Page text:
The Harvard Law Review – At the Forefront of Judicial Scholarship

Before beginning his legal career and winning election to Congress, Christopher Cox attended Harvard Law School and Harvard Business School, earning both an MBA and JD in 1977. While working toward his dual degrees, Chris Cox served as an editor for the Harvard Law Review, one of the nation’s leading legal journals. The Harvard Law Review has been in continuous circulation since its founding in 1887.

Established by an informal club known as the Langdell Society, the Harvard Law Review was founded in 1887. The founders were inspired during the celebrations of Harvard’s 250th anniversary the preceding year, and desired to leave their mark on the institution and the legal profession. Today, more than 100 annual volumes later, the Harvard Law Review stands at the forefront of judicial scholarship. Beyond its status as the most cited law journal in the country, the Harvard Law Review has served as an incubator for the careers of some of America’s best-known politicians, jurists, and academics. In addition to Chris Cox, its editors have included Chief Justice John Roberts, Senator Ted Cruz, and President Barack Obama.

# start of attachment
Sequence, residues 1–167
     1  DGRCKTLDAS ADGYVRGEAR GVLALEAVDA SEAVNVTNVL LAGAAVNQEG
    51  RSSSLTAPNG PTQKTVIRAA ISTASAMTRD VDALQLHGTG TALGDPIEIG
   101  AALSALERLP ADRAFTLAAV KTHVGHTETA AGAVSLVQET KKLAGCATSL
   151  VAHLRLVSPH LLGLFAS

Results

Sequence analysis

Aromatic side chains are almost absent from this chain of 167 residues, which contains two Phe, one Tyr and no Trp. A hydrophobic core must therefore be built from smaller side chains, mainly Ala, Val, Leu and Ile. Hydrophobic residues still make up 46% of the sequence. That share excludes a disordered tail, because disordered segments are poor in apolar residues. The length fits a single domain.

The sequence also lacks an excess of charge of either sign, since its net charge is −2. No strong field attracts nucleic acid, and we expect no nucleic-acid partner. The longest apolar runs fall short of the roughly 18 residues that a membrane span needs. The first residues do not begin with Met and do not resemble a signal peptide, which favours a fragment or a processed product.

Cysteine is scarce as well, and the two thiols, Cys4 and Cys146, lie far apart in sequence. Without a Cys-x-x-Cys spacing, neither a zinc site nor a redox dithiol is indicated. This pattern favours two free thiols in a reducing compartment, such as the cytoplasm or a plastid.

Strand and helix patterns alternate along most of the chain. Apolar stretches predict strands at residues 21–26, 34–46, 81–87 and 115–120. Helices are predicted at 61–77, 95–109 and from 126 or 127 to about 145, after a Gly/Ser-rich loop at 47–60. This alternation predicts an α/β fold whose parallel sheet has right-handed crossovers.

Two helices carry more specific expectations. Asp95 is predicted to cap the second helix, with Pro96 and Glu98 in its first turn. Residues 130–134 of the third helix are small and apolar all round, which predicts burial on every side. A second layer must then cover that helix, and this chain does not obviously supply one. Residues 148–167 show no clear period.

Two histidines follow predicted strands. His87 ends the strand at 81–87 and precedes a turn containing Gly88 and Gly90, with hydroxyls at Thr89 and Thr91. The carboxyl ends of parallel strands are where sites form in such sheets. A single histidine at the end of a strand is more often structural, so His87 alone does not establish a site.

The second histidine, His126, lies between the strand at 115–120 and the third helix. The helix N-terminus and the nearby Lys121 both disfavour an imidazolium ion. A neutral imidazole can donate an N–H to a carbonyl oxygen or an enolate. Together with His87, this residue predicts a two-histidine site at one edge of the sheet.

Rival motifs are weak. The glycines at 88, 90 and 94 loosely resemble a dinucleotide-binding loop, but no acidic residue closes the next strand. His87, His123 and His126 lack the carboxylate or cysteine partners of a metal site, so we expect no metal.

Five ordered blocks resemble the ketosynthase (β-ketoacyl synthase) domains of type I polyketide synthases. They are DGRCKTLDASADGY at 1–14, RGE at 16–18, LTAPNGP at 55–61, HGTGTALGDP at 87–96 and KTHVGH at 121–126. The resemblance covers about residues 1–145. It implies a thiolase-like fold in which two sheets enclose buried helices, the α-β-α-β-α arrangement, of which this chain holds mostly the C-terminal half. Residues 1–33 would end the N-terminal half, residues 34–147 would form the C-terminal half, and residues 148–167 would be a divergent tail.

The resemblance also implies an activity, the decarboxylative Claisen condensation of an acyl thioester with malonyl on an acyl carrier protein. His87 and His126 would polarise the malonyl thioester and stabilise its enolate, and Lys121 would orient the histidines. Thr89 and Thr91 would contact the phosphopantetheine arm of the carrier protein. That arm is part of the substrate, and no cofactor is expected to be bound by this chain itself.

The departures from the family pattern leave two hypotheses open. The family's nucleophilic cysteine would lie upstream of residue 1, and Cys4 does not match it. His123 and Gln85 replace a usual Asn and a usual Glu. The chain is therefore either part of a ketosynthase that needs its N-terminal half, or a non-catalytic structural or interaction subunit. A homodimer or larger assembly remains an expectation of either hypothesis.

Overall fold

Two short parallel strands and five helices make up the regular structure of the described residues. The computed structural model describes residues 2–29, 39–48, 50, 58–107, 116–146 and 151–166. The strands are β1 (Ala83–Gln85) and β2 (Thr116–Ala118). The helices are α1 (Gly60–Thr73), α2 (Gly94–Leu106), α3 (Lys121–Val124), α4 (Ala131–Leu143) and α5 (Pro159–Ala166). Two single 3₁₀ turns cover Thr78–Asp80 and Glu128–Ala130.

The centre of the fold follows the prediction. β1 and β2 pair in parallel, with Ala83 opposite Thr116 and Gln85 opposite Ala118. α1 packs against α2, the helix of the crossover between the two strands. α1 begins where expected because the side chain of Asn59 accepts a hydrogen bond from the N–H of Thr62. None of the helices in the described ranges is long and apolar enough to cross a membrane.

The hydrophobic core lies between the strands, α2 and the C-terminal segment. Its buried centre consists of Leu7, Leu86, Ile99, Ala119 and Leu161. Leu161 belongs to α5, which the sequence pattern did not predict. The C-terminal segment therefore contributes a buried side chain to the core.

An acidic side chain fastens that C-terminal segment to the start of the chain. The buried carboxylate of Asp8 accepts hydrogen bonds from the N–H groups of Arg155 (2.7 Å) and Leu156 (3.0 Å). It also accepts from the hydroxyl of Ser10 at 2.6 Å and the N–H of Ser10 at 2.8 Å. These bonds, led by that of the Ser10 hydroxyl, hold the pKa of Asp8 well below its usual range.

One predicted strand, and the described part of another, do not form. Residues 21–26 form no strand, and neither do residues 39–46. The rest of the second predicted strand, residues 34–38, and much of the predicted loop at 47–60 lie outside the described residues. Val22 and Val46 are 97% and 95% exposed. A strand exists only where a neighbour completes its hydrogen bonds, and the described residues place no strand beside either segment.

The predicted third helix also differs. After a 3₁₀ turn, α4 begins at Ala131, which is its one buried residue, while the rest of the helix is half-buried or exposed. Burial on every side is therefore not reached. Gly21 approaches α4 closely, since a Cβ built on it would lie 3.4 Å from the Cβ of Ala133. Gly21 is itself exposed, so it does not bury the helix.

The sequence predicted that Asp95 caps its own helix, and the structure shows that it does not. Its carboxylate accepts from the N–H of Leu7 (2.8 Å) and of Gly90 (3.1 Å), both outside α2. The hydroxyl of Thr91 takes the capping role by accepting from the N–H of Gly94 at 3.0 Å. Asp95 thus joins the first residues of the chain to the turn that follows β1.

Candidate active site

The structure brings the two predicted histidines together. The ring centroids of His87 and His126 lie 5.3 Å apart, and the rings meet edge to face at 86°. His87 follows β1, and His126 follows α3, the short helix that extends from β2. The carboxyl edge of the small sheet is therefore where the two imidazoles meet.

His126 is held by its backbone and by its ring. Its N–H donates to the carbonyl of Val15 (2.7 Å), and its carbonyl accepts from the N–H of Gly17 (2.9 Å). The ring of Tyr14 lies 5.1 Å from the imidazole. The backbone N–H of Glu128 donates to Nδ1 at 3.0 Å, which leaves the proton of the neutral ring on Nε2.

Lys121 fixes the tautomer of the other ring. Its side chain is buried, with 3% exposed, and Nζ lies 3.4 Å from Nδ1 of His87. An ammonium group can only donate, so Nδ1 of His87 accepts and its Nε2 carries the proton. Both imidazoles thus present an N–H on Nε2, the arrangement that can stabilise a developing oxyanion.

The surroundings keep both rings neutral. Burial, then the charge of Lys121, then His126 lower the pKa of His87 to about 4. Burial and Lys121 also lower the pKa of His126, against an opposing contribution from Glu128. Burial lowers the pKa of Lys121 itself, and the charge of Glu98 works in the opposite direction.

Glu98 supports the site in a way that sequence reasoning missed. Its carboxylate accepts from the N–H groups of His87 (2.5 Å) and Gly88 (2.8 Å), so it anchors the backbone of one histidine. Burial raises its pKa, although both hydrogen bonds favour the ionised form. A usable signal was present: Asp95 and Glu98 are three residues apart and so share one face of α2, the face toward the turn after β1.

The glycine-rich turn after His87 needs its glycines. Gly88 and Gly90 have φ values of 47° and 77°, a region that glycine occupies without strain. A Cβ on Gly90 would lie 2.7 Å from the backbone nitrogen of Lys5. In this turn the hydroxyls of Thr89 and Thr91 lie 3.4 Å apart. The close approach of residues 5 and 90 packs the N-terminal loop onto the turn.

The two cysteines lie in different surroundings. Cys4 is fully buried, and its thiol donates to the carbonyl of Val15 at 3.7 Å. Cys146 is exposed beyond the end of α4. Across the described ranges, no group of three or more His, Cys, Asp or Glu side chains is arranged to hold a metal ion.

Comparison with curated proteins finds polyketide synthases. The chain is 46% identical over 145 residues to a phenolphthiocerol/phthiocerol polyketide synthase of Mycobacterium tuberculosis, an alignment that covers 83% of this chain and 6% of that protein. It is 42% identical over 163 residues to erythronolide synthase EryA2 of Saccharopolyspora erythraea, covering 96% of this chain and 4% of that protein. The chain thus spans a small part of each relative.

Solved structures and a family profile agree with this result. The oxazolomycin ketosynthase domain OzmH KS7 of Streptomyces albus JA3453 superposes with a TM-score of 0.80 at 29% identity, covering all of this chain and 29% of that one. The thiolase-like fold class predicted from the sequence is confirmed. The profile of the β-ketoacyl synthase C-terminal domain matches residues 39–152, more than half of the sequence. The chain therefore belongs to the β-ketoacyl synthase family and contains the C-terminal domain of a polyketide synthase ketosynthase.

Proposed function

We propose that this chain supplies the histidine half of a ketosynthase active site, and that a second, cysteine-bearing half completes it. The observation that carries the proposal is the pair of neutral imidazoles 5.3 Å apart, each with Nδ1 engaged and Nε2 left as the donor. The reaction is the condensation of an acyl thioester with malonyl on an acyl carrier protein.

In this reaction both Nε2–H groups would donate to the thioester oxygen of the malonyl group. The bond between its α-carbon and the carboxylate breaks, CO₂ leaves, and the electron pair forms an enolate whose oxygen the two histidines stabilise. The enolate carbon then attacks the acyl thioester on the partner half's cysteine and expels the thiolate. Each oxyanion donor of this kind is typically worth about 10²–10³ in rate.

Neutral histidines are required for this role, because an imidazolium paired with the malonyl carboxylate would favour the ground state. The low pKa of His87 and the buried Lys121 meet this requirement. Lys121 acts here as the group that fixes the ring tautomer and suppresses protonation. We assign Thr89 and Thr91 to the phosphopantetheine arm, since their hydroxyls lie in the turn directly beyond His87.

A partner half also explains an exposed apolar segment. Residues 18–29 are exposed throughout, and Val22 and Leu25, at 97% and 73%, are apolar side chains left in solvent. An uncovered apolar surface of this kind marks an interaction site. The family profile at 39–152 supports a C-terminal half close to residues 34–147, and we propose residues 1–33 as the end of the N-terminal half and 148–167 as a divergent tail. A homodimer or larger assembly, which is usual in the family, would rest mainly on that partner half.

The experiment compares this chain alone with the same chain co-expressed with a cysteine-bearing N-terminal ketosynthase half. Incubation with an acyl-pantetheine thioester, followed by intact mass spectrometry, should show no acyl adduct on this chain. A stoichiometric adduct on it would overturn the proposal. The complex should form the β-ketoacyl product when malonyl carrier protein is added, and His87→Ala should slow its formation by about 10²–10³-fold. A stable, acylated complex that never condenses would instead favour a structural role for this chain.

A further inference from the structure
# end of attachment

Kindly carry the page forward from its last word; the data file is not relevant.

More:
The Review’s pages include recent scholarship by leading legal scholars, as well as student contributions in the form of articles concerning recent court decisions and legislation. The Review has also traditionally included reviews of recently published books on law-related topics.

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